As the story of two amorously connected spies, separated by a symbolic death or simple skulduggery, plays out, the two actors assume various personas with the aid of Ellen McCartney’s array of muted film noir costume designs. Emphasizing a style of deadpan earnestness for his talented duo’s delivery, director Webster, whose multilayered sound
design is score-like in its intensity, augments his understated scene work with flashes of musical absurdity.
This piece requires a small amount of homework on the part of attendees. Without foreknowledge of the original tale, one might emerge mentally fogged. Take a few extra moments to bone up on the source material, ably provided via program notes; it will become apparent that this trio of creative minds pays homage to the Greeks. This engrossing invention dares one to join it out in left field for an hour-long romp of bizarre, sense-challenging imagery.
Theater Movement Bazaar’s retelling of the Orpheus myth is all about coming in from the cold and, in a McLuhanist sense, fittingly re- lies on the cool media of video to narrate its story. Co-creators Tina Kronis and Richard Alger portray two enigmatic figures inhabiting some Cold War of intrigue. They might be lovers, couriers or secret agents but, above all, they are a man and woman who are separated from one another. It is up to Alger, dressed in a suit, long coat and Fellini hat, to return Kronis to his world from captivity and, after an hour of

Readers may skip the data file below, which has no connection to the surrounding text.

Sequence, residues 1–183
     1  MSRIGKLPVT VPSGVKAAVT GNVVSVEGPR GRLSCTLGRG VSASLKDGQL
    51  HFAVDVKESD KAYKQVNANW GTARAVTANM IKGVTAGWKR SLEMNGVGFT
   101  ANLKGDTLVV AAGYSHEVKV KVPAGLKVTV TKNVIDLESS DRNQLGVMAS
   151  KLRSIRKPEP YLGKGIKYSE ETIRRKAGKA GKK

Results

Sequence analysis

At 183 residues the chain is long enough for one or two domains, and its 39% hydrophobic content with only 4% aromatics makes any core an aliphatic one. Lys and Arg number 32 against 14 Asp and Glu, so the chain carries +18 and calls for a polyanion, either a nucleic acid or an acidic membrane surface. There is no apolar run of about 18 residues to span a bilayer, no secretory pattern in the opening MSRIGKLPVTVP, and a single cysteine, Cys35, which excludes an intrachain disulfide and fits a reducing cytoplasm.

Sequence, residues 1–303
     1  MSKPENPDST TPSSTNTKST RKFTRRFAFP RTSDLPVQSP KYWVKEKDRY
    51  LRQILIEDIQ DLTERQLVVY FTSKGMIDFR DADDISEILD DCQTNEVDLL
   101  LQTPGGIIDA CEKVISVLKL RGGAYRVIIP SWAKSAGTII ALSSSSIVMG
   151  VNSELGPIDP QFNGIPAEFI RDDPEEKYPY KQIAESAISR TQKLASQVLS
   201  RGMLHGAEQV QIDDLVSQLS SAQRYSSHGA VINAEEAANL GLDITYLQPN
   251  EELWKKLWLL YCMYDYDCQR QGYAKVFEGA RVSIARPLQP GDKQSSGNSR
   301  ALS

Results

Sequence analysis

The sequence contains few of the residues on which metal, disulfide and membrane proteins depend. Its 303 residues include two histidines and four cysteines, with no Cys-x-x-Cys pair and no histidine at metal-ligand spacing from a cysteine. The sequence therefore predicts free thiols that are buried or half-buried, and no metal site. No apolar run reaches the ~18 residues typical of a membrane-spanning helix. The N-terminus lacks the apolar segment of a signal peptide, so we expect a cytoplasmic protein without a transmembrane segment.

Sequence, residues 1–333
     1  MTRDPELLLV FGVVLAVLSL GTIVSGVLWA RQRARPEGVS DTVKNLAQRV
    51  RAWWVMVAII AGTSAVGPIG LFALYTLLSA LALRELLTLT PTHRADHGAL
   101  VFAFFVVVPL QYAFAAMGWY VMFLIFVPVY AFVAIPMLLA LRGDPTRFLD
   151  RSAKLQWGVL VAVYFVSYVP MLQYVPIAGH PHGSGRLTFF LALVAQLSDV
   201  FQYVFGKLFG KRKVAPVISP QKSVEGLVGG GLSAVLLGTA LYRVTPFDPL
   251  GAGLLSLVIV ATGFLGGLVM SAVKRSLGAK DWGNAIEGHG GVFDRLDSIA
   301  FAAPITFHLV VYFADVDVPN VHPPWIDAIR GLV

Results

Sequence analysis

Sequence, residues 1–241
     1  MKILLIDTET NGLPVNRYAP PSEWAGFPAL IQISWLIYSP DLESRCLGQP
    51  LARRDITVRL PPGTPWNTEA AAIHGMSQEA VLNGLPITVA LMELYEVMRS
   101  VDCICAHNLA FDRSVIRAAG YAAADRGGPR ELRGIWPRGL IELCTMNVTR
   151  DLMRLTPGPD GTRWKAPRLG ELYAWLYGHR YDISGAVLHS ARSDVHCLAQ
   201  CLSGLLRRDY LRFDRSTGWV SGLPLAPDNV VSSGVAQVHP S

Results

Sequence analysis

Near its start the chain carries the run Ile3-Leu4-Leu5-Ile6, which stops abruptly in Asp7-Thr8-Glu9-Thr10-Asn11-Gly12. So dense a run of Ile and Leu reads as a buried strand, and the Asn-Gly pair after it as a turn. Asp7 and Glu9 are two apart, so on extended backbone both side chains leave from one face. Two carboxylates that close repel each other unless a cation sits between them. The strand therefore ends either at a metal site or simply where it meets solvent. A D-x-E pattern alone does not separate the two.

choreographed movement (designed by Kronis), he comes, shall we say, tantalizingly close to success. Kronis and Alger interact with video projections (designed by Peter Flaherty of footage shot by Michael Glover) of themselves and of physical settings that appear on sliding panels, so that virtual doors open to let various characters pass, or provide them with halls to wander down. Dry Cleaning’s cynical joke-and-dagger milieu, as well as its vintage pop score, is familiar to any aficionado of 1960s spy films, with the actors speaking in deadpanned conversations of passwords and non sequiturs. While it’s difficult in Alger’s text to locate Dry Cleaning’s Greek source inspiration (or, for that matter, to readily recognize quotes attributed to Marguerite Duras, Sigmund Freud and others), the evening, ably directed by Jeff Webster, glides along on its own momentum, a flawless ballet of actors, video and erudite gags. Sometimes the show, which is so dependent on the
synchronization of technologies, seems to cutely wander down Wooster Street, but this remains a fresh and original work by a talented company.